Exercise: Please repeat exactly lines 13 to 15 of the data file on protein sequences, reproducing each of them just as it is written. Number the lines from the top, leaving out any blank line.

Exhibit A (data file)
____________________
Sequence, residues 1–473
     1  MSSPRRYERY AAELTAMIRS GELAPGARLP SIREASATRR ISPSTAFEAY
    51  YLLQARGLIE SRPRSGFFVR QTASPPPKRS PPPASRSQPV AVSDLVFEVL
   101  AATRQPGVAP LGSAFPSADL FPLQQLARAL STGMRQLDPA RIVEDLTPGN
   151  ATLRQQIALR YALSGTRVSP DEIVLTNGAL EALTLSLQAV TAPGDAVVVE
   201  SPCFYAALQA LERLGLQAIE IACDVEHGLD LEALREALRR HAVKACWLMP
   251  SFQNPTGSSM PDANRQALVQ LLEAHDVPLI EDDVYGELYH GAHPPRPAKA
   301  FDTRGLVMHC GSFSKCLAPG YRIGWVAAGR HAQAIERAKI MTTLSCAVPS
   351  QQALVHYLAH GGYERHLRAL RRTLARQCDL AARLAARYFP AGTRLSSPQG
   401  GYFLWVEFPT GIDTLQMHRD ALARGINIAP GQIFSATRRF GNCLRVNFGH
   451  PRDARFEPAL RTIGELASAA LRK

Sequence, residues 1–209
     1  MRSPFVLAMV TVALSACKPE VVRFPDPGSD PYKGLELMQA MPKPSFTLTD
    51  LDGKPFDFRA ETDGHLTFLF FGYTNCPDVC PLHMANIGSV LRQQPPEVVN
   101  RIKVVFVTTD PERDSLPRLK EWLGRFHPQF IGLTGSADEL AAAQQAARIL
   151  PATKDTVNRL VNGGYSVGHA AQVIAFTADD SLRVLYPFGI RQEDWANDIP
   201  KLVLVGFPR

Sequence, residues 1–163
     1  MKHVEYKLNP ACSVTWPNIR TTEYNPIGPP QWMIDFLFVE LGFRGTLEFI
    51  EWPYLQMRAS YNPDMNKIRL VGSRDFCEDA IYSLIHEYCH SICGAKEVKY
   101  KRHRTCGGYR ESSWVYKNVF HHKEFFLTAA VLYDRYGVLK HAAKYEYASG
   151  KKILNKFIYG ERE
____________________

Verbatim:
     1  MRSPFVLAMV TVALSACKPE VVRFPDPGSD PYKGLELMQA MPKPSFTLTD
    51  LDGKPFDFRA ETDGHLTFLF FGYTNCPDVC PLHMANIGSV LRQQPPEVVN
   101  RIKVVFVTTD PERDSLPRLK EWLGRFHPQF IGLTGSADEL AAAQQAARIL